Radical changes to the food system are needed to safeguard our food supply and combat malnutrition in the face of climate change, environmental degradation and epidemics, says new report.
Meradeth Snow, a University of Montana researcher and co-chair of UM's Department of Anthropology, was part of an international team that used human "paleofeces" to discover that ancient people had far different microorganisms living in their guts than we do in modern times.
The ability to connect and feel a sense of belonging are basic human needs but new Swansea University research has examined how these are determined by more than just our personal relationships. Research led by psychologist Professor Andrew Kemp highlights the importance of taking a wider approach to wellbeing and how it can be influenced by issues such as inequality and anthropogenic climate change.
With rapid advancements in network connectivity technology, such as 5G and 6G, intelligent vehicles with AI-enabled technology and an internet-of-vehicles could soon replace ad-hoc smart vehicular networks. However, the successful integration of smart vehicles with society requires adequate computing frameworks. Now, a global team of computer scientists takes stock of computing paradigms for vehicular environments, highlighting strengths, challenges, and future directions for research in this field.
Parks played an important role for people seeking respite from the toll of social isolation during the pandemic, and according to new research from Drexel University, they did so without increasing the spread of COVID-19. The study looked at how people used 22 parks in Philadelphia and New York during the height of the pandemic and it found no strong correlation between park use and the number of confirmed cases in surrounding neighborhoods.
Young children in deprived areas see nature and outdoor spaces as being associated with "happy places", according to a new study published in the journal Child Indicators Research.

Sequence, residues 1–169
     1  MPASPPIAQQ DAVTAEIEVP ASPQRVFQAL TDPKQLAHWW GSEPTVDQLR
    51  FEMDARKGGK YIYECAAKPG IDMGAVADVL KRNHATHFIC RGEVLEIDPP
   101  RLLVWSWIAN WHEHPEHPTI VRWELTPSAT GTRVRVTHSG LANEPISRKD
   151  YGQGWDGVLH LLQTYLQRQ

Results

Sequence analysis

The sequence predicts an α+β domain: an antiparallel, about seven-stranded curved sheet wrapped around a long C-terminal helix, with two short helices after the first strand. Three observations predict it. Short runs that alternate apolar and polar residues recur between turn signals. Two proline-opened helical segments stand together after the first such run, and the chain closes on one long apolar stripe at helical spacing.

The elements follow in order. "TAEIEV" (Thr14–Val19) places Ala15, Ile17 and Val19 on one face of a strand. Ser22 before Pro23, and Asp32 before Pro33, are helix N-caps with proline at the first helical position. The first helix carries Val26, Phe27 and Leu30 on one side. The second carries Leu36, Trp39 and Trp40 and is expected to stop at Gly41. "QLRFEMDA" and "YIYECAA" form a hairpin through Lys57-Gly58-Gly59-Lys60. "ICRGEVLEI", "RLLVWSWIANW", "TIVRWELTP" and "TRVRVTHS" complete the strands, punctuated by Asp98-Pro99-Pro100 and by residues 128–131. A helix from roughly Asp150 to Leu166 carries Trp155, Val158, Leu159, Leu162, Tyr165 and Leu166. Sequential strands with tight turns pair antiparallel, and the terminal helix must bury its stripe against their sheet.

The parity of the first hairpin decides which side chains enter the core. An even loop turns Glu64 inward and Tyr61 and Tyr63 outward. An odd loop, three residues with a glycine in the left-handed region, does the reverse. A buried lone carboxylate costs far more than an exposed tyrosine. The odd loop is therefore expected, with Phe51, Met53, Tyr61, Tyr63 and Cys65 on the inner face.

University of Montana Professor Mark Hebblewhite has joined an international team of 92 scientists and conservationists to create the first-ever global atlas of ungulate (hoofed mammal) migrations.
Long-running archaeological research, boosted by airborne lidar sensing and machine-learning algorithms, finds that Cambodia's Greater Angkor region was home to 700,000-900,000 people. The new estimate, made possible by a study designed at the University of Oregon, is the first for the entire 3,000-square-kilometer low-density region.
Systemic inequalities mean that low-income households in London are more likely to be exposed to higher levels of indoor air pollution, according to a report by UCL researchers. The biggest factors are the quality of housing and the characteristics of the surrounding environment, taking location and levels of outdoor air pollution into account - factors beyond occupants' control.
A new study investigated the impact of Airbnb's algorithm on racial disparities among Airbnb hosts. Adopting the tool narrowed the revenue gap between White and Black hosts considerably, but because far fewer Black hosts used the algorithm, the revenue gap between White and Black hosts actually increased after the tool's introduction.